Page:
This report summarizes the activity (FY2000-2003) of Working Group (WG) on Evaluation of Nuclide Generation and Depletion under Subcommittee on Nuclear Fuel Cycle of Japanese Nuclear Data Committee. In the WG, analyses of Post Irradiation Examinations have been carried out for UO and MOX fuels irradiated in PWRs, BWRs and FBRs, and for actinide samples irradiated in fast reactors, by using ORIGEN or more detailed calculation codes with their libraries based on JENDL-3.2, JENDL-3.3 and other foreign nuclear data files. From these results, current prediction accuracy and problems for evaluation of nuclide generation and depletion are discussed. Furthermore, this report covers other products of our activity; development of the ORIGEN libraries for PWR, BWR and FBR based on JENDL-3.3, study on introduction of neutron spectrum index to ORIGEN calculations, and results of questionnaire survey on desirable accuracy of ORIGEN calculations.
Katakura, Junichi; Kataoka, Masaharu*; Suyama, Kenya; Jin, Tomoyuki*; Oki, Shigeo*
JAERI-Data/Code 2004-015, 115 Pages, 2004/11
A set of cross section libraries for ORIGEN2 code, ORLIBJ33, has been produced based on the latest Japanese Evaluated Nuclear Data Library JENDL-3.3. The produced libraries are for LWR's which include PWR, BWR and their MOX fuels. The libraries for FBR's are also produced. Using the libraries for LWR, comparisons with old libraries based on JENDL-3.2 were performed. The comparisons with measured PIE data were also carried out. For the libraries for FBR, the comparisons with the calculations using the old libraries were performed and the effects using different libraries were discussed.
Suyama, Kenya; Mochizuki, Hiroki*; Okuno, Hiroshi; Miyoshi, Yoshinori
Proceedings of International Conference on Physics of Fuel Cycles and Advanced Nuclear Systems; Global Developments (PHYSOR 2004) (CD-ROM), 10 Pages, 2004/04
This paper provides validation results of SWAT2, the revised version of SWAT, which is a code system combining point burnup code ORIGEN2 and continuous energy Monte Carlo code MVP, by the analysis of post irradiation examinations (PIEs). Some isotopes show differences of calculation results between SWAT and SWAT2. However, generally, the differences are smaller than the error of PIE analysis that was reported in previous SWAT validation activity, and improved results are obtained for several important fission product nuclides. This study also includes comparison between an assembly and a single pin cell geometry models.
Akutsu, Atsushi; Kishimoto, Katsumi; Sukegawa, Takenori; Shimada, Taro
JAERI-Tech 2003-090, 75 Pages, 2004/01
The Japan Research Reactor No.1 (JRR-1) that was constructed first in Japan was permanently shut down after operation from 1957 to 1968. At present, the reactor part is in safe store conditions. The JRR-1 facility is being used as an exhibition room for the time being, and will be dismantled in the future. In consideration of future dismantling of the facility, the radioactive inventory in reactor part was calculated using computer codes that are Two-Dimensional Discrete Ordinates Transport Code (DORT) and Oak Ridge Isotope Generation and Depletion Code (ORIGEN-MD). The average concentration of radioactivity is estimated to be 6.40 Bq/g in the core tank as of April, 2002. It is also expected that the low level waste (LLW) weights approximately 400kg and very low level waste (VLLW) weights approximately 14,000kg, and the waste which doesn't need to deal as a radioactive material weights approximately 250,000kg.
Tsujimoto, Kazufumi; Kono, Nobuaki; Shinohara, Nobuo; Sakurai, Takeshi; Nakahara, Yoshinori; Mukaiyama, Takehiko; Raman, S.*
Nuclear Science and Engineering, 144(2), p.129 - 141, 2003/06
To evaluate neutron cross-section data of minor actinides, separated actinide samples and dosimetry samples were irradiated at the Dounreay Prototype Fast Reactor for 492 effective full power days. Based on the burnup calculations of major actinide and dosimetry samples, the neutron flux distribution and the flux level were adjusted at the locations where minor actinide samples were irradiated. The burnup calculations were carried out for minor actinides using the determined flux distribution and flux level. This paper discusses the burnup calculations and the validation of minor actinide cross-section data in evaluated nuclear data libraries. We find that we can obtain reliable FIMA (fission per initial metallic atom) values by using the Nd method except that the uncertainties in the FIMA values are large for U, Pu, Am isotopes, and Cm isotopes because the Nd yields are known poorly for these isotopes and are probably overestimated. For these isotopes, measurements to improve the fission-yield data are needed. We also find that, in general, the JENDL-3.2 nuclear data for the minor actinides are adequate for the conceptual design study of transmutation systems. But, there are some nuclides (especially Pu and Pu) for which new measurements are needed particulary if the minor actinides constitute a major part of the nuclear fuel.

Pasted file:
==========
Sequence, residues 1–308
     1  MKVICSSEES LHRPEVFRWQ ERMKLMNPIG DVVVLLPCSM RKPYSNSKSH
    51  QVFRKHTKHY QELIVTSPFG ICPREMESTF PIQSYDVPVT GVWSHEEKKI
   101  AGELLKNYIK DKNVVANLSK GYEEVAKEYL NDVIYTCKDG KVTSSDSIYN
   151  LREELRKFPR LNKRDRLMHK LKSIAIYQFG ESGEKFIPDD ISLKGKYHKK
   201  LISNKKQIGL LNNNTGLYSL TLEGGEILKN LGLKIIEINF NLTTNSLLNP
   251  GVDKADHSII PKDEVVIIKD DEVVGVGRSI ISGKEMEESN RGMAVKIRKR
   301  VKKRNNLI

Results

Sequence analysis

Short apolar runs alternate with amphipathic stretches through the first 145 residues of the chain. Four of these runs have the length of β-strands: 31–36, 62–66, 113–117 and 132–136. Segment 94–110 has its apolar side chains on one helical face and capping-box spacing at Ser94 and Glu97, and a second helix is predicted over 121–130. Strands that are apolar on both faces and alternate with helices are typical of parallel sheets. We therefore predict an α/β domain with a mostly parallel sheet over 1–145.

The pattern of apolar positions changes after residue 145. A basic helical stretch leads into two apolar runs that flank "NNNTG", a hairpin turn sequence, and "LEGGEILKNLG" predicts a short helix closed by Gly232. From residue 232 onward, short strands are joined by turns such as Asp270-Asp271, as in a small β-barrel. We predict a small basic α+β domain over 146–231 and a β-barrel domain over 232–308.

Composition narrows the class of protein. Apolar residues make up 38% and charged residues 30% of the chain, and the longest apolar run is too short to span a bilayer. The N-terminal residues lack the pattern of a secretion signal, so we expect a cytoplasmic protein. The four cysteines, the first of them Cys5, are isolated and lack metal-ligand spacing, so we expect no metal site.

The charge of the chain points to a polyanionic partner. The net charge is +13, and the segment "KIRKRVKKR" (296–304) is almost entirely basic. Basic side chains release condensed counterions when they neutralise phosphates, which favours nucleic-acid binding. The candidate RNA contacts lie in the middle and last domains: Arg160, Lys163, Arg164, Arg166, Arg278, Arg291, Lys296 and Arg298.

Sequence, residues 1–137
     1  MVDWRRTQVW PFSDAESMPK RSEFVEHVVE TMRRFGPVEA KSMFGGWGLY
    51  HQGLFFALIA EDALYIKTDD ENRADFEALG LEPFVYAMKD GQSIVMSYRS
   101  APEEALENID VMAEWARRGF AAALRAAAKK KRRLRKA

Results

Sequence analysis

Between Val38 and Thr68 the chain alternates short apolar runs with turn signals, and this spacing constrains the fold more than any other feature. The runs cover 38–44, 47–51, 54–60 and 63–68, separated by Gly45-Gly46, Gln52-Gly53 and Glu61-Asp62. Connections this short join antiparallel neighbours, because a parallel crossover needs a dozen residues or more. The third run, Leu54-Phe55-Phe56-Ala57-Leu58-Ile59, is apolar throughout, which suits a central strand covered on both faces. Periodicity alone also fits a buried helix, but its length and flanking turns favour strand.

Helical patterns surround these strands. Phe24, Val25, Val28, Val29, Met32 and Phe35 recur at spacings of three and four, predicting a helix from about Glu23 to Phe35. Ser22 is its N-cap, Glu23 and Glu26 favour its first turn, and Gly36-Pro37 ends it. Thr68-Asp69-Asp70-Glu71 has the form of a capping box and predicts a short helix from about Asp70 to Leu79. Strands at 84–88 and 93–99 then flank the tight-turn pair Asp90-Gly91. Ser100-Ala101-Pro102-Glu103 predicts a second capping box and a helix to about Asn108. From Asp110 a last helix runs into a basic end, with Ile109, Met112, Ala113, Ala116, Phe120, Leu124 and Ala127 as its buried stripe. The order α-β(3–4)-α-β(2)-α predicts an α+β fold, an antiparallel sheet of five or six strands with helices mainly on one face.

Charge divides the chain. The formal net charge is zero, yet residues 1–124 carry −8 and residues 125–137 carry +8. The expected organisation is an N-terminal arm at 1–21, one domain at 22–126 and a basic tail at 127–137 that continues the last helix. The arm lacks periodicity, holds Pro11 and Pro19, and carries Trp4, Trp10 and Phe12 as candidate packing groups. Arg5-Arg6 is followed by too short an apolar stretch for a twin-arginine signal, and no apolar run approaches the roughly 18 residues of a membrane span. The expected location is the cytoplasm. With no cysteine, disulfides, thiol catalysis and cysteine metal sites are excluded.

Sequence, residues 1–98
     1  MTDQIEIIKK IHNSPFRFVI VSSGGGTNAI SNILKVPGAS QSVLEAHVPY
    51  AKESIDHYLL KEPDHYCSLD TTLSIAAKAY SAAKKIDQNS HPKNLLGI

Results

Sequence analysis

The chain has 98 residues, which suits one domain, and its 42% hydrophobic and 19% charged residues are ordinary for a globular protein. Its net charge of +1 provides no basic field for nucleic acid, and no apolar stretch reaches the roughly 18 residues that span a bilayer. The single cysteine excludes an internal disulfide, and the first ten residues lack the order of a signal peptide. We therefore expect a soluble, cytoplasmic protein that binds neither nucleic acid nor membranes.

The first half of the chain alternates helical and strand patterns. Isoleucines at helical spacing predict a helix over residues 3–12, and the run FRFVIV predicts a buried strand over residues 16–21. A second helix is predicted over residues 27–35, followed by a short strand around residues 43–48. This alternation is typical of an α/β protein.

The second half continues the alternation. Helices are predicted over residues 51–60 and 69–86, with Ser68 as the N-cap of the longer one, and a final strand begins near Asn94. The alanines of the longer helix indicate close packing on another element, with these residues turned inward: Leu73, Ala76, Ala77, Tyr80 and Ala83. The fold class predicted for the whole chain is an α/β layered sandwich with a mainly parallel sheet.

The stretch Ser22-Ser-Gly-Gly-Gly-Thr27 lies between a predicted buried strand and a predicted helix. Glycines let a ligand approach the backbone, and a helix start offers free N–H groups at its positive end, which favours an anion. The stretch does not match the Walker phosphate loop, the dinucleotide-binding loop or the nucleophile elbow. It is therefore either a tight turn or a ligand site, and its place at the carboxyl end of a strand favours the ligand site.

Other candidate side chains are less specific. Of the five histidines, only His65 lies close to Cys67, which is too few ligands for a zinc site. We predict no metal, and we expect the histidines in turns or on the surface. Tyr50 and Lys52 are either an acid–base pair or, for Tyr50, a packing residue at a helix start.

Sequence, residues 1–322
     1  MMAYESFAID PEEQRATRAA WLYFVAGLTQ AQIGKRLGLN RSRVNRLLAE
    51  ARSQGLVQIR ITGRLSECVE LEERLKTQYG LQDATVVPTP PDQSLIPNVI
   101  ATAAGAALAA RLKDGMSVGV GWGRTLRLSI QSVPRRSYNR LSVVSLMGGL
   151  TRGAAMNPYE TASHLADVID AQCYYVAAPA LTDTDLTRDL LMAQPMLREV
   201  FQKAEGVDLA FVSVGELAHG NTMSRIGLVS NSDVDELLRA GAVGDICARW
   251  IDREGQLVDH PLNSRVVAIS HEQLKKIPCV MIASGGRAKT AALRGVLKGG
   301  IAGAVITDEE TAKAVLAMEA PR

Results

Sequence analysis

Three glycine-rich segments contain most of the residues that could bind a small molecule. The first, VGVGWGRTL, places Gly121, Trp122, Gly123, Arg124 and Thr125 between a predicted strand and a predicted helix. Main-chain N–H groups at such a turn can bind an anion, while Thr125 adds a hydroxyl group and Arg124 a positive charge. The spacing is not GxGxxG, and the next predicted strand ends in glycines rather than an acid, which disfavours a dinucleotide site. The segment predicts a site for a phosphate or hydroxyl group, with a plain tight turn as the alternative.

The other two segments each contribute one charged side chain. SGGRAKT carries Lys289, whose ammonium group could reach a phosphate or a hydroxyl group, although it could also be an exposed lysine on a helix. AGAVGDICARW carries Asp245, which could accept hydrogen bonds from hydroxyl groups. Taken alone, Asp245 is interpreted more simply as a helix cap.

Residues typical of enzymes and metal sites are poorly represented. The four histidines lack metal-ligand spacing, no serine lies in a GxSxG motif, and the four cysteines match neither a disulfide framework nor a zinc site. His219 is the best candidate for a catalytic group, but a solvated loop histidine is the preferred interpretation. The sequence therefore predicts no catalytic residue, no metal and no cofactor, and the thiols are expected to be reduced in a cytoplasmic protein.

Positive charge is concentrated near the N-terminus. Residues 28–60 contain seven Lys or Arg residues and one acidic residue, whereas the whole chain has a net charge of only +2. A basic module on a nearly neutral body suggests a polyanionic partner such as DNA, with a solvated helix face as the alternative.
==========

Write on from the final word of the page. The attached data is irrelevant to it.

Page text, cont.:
Tsujimoto, Kazufumi; Kono, Nobuaki; Shinohara, Nobuo; Sakurai, Takeshi; Nakahara, Yoshinori; Mukaiyama, Takehiko*; Raman, S.*
Nuclear Science and Engineering, 144(2), p.129 - 141, 2003/06
no abstracts in English
Okoshi, Minoru; Sakai, Akihiro; Abe, Masayoshi; Tanaka, Mitsugu
IAEA-CN-87/50 (CD-ROM), p.113 - 118, 2002/12
As the result of research activities for nuclear energy utilization over 45 years, large amounts of low-level radioactive waste (LLW) are stored at Tokai Research Establishment of JAERI. In order to plan the disposal program, JAERI carried out the radiological characterization of the waste. The results show that about 34,400 tons of LLW will arise from the operation and dismantling of the facilities by the end of 2045. The total activities of beta- and gamma-radionuclides and alpha-radionuclides are about 44 PBq and 56 TBq, respectively. By using the estimated total weight and radioactivities of the waste, important radionuclides were selected from the viewpoint of safety according to the performance assessment of near surface disposal facilities. As the results, twenty-seven radionuclides including twelve alpha-ray emitting actinides were selected as the candidate important radionuclides. Those are slightly different from important radionuclides selected for commercial nuclear power plants because of materials used for facilities and so on.
Nomura, Yasushi; Mochizuki, Hiroki*
JAERI-Tech 2002-068, 131 Pages, 2002/11
no abstracts in English
Katakura, Junichi; Yanagisawa, Hiroshi
JAERI-Data/Code 2002-021, 81 Pages, 2002/11
no abstracts in English